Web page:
Updated Feb 17, 2022 - Economy & Business

FAA chief who dealt with 5G and Boeing crashes fallout resigning

Steve Dickson, administrator of the Federal Aviation Administration (FAA), speaks during a Senate hearing in Washington, D.C., U.S., on Wednesday, Nov. 3, 2021.

Steve Dickson, administrator of the Federal Aviation Administration, speaks during a Senate hearing in Washington, D.C., in November. Photo: Al Drago/Bloomberg via Getty Images

Federal Aviation Administration Administrator Steve Dickson announced on Wednesday he will step down on March 31.

Why it matters: Since Dickson became FAA chief in 2019, the agency has imposed a zero-tolerance policy on unruly airline passengers and deployed AT&T and Verizon's C-Band 5G service. He also oversaw the return of Boeing's 737 MAX jets after two fatal crashes, for which the FAA drew criticism from Congress.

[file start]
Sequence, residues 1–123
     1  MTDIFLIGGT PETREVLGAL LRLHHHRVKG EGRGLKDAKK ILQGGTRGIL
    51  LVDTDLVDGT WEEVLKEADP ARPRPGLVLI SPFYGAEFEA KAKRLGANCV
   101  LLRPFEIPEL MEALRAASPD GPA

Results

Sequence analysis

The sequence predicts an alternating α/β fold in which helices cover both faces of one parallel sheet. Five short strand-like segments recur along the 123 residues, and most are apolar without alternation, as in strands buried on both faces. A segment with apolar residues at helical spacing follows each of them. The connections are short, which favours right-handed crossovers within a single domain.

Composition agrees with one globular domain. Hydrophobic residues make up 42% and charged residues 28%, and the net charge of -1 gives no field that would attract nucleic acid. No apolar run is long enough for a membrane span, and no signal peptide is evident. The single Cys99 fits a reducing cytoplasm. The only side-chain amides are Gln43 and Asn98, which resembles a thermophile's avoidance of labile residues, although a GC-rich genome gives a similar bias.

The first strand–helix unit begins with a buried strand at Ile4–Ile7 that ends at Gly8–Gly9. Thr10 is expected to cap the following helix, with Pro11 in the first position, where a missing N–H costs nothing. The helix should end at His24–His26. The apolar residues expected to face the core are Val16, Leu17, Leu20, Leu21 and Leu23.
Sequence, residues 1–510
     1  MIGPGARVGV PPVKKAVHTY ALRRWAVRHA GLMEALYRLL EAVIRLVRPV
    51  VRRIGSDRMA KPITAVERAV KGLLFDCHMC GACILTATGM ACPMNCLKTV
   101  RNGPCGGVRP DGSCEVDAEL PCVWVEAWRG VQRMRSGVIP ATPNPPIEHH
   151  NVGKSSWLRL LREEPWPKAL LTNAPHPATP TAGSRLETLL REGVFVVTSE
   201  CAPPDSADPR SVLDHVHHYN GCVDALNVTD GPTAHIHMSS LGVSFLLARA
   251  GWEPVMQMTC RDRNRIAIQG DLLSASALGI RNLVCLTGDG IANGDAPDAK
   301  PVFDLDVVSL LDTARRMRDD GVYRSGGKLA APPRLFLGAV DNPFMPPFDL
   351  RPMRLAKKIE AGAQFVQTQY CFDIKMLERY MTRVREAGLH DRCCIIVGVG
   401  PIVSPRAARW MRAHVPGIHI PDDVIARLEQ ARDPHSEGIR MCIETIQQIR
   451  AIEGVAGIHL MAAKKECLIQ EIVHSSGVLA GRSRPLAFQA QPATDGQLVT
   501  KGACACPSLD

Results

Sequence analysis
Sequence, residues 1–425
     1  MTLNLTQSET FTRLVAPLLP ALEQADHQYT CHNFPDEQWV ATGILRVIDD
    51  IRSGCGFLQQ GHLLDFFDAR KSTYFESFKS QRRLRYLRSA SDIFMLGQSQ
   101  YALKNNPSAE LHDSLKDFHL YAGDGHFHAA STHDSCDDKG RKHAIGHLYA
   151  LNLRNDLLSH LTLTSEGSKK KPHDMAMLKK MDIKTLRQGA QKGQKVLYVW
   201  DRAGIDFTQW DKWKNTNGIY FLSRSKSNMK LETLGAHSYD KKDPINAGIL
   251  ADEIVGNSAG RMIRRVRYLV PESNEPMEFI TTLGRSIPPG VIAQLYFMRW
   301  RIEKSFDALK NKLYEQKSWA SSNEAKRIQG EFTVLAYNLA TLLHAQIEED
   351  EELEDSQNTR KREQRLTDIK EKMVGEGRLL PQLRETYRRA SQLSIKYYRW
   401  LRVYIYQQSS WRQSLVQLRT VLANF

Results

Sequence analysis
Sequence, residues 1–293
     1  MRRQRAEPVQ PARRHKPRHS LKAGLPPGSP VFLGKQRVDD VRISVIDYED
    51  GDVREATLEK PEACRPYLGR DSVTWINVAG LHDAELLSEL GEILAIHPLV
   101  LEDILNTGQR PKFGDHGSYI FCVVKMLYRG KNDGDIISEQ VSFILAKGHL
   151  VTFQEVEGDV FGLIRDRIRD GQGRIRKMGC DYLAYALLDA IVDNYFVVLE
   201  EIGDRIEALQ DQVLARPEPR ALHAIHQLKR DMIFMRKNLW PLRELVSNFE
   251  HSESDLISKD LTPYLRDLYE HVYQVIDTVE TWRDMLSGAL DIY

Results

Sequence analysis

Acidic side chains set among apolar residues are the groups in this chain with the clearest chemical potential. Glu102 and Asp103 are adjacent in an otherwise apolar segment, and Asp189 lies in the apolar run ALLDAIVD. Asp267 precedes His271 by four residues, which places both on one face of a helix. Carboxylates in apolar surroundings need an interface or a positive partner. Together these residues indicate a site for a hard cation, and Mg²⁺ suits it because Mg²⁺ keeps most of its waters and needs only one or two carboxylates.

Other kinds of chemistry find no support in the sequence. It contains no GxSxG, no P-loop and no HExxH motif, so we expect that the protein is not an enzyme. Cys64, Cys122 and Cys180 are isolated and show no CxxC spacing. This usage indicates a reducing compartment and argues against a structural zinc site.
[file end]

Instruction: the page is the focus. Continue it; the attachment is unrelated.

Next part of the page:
Driving the news: "After sometimes long and unavoidable periods of separation from my loved ones during the pandemic, it is time to devote my full time and attention to them," Dickson wrote in an email to FAA staff that was shared with news outlets, including Axios.

The big picture: Dickson became FAA administrator in August 2019 after being nominated by then-President Trump to a five-year term.

What they're saying: Transportation Secretary Pete Buttigieg said in an emailed statement that he's grateful for Dickson's years of service.

  • His "tenure has been marked by steadfast commitment to the FAA’s safety mission and the 45,000 employees who work tirelessly every day to fulfill it," Buttigieg added.

Editor's note: This article has been updated with details of key moments during Dickson's tenure.

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